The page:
Emerging workforce trends motivated Dell to undertake the research and to convene a recent Global Women’s Summit, which was attended by diversity and human resources executives from several dozen Fortune 500 companies. According to the Harvard Business Review in March 2005, figures released by the U.S. Department of Education indicate that in the next decade the number of women with graduate and professional degrees is projected to grow by 16 percent. By contrast, the number of men with these degrees is projected to grow by only 1.3 percent1. http://www1.us.dell.com/content/topics/global.aspx/corp/pressoffice/en/2005/2005_04_19_rr_001?c=us&l=en&s=corp
Market Segments Analysis:
Dell is able to successfully connect with all kinds of computer customers and build mutually satisfying, mutually profitable relationships that last. Michael Dell understands that different kinds of customers have different computing requirements. With these differing needs in mind, Dell’s marketers use geographic, demographic, and behaviorist variables to segment the consumer and organizational markets for computers and servers. Once they have identified suitable customer segments for targeting, they use differentiated marketing to match the appropriate marketing mix of product, price, place, and promotion to each segments needs.
Major customers: large corporations, government agencies and medical and educational institutions to small business and individuals. * Strategy: Multinational corporate customers
Dell saw an opportunity to take advantage of customer information gathered through the Dell direct model. The company sought to improve customer relationship management (CRM) by implementing a robust and consistent data model for defining and identifying its customers throughout the enterprise.
-Affinity customer data platform helps Dell identify its customers
– Correlation enables better analysis of shopping habits
– Standard data model offers benefits for customers
-Streamlined fulfillment processes reduce mailing costs
The benefit: Enriched quality of customer relationship management (CRM) by creating a Dell customer system of record (code-named “Affinity”); made customer data highly available throughout the enterprise; lowered the cost of fulfillment and improved accuracy of customer mailings by reconciling customer records; enhanced marketing analysis of customer shopping habits; began managing customers holistically to improve customer service and provide targeted marketing offers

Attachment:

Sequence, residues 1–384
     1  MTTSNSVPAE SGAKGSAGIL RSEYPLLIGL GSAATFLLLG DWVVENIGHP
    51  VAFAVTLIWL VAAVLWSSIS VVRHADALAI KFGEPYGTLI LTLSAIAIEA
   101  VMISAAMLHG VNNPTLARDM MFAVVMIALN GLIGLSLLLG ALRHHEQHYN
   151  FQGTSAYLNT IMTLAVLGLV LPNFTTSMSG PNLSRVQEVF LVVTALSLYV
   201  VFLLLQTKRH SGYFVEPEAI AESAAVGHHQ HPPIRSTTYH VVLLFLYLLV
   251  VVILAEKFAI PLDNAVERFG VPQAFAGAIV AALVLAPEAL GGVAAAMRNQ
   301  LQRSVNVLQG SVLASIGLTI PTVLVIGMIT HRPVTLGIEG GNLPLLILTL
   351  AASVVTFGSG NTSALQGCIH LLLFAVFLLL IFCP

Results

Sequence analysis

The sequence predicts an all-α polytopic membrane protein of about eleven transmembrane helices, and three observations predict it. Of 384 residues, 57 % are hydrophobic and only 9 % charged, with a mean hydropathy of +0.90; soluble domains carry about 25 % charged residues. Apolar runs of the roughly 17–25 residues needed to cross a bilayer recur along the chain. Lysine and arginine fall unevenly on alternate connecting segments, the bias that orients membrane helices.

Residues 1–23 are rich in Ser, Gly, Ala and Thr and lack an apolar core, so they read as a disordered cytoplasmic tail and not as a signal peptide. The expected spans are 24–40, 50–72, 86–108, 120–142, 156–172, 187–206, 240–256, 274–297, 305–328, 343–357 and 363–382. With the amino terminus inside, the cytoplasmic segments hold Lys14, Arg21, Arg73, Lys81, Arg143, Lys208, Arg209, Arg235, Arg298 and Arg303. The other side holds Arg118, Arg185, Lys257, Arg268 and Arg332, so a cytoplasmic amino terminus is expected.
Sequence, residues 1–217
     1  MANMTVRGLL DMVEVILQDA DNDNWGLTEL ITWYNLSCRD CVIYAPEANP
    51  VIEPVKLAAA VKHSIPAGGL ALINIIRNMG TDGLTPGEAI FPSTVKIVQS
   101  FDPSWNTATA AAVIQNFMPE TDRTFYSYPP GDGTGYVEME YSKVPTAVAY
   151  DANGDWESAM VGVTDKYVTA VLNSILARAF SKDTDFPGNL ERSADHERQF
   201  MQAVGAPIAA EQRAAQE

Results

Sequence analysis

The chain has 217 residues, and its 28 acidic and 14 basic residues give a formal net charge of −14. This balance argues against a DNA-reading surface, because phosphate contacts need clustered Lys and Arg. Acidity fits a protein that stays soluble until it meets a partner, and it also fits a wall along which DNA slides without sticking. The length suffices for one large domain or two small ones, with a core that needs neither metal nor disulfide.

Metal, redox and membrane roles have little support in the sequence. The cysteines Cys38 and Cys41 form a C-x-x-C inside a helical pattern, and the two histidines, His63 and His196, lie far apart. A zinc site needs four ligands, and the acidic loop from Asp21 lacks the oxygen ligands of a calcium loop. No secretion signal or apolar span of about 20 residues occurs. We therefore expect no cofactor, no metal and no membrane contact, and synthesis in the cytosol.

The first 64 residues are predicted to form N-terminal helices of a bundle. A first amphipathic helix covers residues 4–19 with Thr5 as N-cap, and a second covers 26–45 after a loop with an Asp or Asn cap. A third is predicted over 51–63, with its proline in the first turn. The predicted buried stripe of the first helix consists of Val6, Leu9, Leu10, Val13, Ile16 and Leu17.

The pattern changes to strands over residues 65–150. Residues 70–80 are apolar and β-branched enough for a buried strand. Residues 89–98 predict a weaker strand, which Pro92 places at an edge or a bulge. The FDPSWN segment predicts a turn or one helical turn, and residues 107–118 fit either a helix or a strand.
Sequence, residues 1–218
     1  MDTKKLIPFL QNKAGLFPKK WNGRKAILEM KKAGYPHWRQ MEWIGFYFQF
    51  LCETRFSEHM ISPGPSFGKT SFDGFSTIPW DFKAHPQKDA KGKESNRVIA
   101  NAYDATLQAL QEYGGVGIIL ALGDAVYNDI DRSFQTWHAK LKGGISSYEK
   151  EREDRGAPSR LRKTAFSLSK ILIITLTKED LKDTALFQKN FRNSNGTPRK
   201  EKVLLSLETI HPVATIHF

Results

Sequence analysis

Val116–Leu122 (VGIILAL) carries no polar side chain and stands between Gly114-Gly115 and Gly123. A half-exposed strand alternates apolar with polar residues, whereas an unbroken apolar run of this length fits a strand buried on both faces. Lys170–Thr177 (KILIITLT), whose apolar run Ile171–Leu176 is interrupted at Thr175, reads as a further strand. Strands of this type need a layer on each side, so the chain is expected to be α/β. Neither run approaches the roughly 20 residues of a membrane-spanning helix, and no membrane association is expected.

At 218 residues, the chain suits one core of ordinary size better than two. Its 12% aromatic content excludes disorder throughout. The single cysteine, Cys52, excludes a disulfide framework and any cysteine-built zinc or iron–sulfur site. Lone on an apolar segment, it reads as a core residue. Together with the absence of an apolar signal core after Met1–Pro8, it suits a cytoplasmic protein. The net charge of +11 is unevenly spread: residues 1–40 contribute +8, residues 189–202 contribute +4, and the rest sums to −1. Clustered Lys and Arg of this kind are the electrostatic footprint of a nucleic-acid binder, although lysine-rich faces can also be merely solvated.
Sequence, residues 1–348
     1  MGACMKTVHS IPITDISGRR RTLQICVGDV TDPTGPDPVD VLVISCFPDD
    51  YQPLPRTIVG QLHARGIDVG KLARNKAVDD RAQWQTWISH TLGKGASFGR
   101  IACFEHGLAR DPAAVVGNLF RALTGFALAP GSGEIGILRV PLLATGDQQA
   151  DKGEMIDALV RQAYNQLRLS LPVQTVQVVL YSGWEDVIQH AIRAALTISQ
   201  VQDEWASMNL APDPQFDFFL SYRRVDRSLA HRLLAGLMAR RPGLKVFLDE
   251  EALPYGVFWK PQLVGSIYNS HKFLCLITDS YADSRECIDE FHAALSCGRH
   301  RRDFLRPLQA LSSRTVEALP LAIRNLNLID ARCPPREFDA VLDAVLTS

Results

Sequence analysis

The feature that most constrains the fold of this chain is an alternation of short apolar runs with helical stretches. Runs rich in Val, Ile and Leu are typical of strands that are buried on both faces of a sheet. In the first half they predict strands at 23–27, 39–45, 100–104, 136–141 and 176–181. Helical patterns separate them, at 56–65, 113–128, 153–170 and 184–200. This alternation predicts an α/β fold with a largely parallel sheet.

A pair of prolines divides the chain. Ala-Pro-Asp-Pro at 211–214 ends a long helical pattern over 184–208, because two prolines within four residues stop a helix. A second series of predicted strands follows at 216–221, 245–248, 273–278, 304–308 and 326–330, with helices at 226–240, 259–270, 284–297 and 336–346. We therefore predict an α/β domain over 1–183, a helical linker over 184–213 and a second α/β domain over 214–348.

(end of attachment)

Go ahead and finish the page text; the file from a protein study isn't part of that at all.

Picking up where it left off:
Consumer behaviour: Dell decided there was a target market of price conscious customers who would respond to a different marketing mix. He used direct-response advertising in computer magazines–and customers called a toll-free number to order a computer with the exact features they wanted. Dell built computers to match the specific orders that came in and used UPS to quickly ship orders directly to the customer. Prices were low, too– because the direct channel meant there was no retailer markup and the build-to-order approach reduced inventory costs. This approach also kept Dell in constant contact with customers. Problems could be identified quickly and corrected.
Products Analysis: The important aspects of Dells Product and Service Dells core competency lies in customizing its product – computer hardware and software to the specific needs of the consumer. The organization has been able to gain a cost advantage by creating a standardized product as well as achieving the market advantage of variety and uniqueness. The modular design of Dells products has made that possible. Dells use of modular design involves using a standardized building block/chassis to which; value is added by building each product to the customer’s specifications, the outcome being a unique finished product. Modular design also gives Dell the increased flexibility in its procurement function.